GASTROESOPHAGEAL REFLUX DISEASE
Gastroesophageal reflux disease (GERD) is a condition in which the stomach contents (food or liquid) leak backwards from the stomach into the esophagus (the tube from the mouth to the stomach). This action can irritate the esophagus, causing heartburn and other symptoms.
Causes, incidence, and risk factors
When you eat, food passes from the throat to the stomach through the esophagus (also called the food pipe or swallowing tube). Once food is in the stomach, a ring of muscle fibers prevents food from moving backward into the esophagus. These muscle fibers are called the lower esophageal sphincter, or LES.
If this sphincter muscle doesn’t close well, food, liquid, and stomach acid can leak back into the esophagus. This is called reflux or gastroesophageal reflux. Reflux may cause symptoms, or it can even damage the esophagus.
The risk factors for reflux include:
· Alcohol (possibly)
· Hiatal hernia (a condition in which part of the stomach moves above the diaphragm, which is the muscle that separates the chest and abdominal cavities)
More common symptoms are:
· Feeling that food is stuck when swallowing (dysphagia)
· Heartburn or a burning pain in the chest
· Increased by bending, stooping, lying down, or eating
· More likely or worse at night
· Relieved by antacids
· Nausea after eating
Less common symptoms are:
· Bringing food back up (regurgitation)
· Cough or wheezing
· Hoarseness or change in voice
· Sore throat
Signs and tests
You may not need any tests if your symptoms are not severe.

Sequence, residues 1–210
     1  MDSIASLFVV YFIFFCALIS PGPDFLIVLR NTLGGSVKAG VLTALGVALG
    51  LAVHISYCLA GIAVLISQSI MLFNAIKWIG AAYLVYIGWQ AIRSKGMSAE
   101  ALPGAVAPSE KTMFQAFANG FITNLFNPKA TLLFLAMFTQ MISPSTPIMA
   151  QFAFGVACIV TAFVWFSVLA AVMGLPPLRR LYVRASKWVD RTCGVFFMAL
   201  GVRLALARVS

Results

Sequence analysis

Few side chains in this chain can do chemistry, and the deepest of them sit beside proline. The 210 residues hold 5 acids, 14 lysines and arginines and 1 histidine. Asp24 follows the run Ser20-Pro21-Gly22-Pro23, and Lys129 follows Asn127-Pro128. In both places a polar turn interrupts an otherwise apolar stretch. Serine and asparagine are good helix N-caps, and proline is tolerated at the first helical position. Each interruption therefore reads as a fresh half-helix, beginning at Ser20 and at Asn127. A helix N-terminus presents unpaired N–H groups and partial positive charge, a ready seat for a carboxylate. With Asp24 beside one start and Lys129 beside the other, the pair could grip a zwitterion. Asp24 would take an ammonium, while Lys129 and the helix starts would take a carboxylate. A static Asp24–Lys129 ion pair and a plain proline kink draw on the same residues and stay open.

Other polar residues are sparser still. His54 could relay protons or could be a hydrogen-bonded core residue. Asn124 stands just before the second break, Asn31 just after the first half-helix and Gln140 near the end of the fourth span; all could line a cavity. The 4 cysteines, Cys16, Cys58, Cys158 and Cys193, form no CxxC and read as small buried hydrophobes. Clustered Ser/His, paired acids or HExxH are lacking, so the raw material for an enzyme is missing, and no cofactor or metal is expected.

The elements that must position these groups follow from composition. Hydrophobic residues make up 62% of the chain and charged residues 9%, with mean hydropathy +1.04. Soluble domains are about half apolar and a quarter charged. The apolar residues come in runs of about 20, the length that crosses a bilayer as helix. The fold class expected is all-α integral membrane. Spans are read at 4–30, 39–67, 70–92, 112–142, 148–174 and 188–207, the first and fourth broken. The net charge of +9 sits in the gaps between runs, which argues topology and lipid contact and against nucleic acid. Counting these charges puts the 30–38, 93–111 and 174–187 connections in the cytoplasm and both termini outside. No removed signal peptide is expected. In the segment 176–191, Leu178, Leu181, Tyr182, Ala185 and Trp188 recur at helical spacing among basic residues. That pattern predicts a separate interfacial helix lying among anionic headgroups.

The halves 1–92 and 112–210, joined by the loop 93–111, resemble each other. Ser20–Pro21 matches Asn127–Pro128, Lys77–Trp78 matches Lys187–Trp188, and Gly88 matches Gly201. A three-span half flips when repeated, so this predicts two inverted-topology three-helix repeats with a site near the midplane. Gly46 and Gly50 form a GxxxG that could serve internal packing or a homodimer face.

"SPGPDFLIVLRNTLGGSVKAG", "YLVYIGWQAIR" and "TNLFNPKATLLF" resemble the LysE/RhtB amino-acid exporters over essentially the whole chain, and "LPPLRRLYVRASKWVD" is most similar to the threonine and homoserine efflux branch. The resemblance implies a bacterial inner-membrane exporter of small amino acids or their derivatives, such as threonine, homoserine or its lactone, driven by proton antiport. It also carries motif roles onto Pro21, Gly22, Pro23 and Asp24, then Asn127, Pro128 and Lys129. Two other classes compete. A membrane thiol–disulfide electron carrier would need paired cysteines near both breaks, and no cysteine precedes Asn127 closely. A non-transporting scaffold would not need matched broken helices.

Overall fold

If your symptoms are severe or they come back after you have been treated, one or more tests may help diagnose reflux or any complications:
· Upper endoscopy (EGD) is often used to find the cause and examine the esophagus for damage. The doctor inserts a thin tube with a camera on the end through your mouth. The tube is then passed into your esophagus, stomach, and small intestine.
· Barium swallow (X-ray exam)
· Continuous esophageal pH monitoring including the BRAVO Capsule
You can make many lifestyle changes to help treat your symptoms. Avoid foods that cause problems for you. Making changes to your routine before you go to sleep may also help.
You may use over-the-counter antacids after meals and at bedtime, although they do not last very long.
Proton pump inhibitors (PPIs) decrease the amount of acid produced in your stomach. These medications are the most potent medications we have to treat GERD and are the most effective. They have been used by millions of patients for more than 20 years are safe for long-term use. The best way to use the medications are to use the lowest effective dose to control symptoms.
Anti-reflux operations (fundoplication and others) may be an option for patients whose symptoms do not go away with lifestyle changes and medications. Most patients still need medications within years of having surgery, therefore our physicians try to maximize the effectiveness of medications. Endoscopic procedures have been studied extensively, our physicians can discuss all options with you during your office visit.
Most people respond to lifestyle changes and medications. However, many patients need to continue taking drugs to control their symptoms.
There has been a great deal of press in recent years about the longterm safety of PPIs. PPIs have not been proven to lead to any clear complications. They do not cause cancer. There have been associations with decreased bone mineral density after longterm use from decreased absorption of calcium from our diet. Post-menopausal women are at risk for osteoporosis and we recommend supplementation with calcium and vitamin D while on PPIs. Calcium citrate (Citracal and others) supplements are better absorbed while on PPIs.
To learn more about GERD: www.aboutgerd.org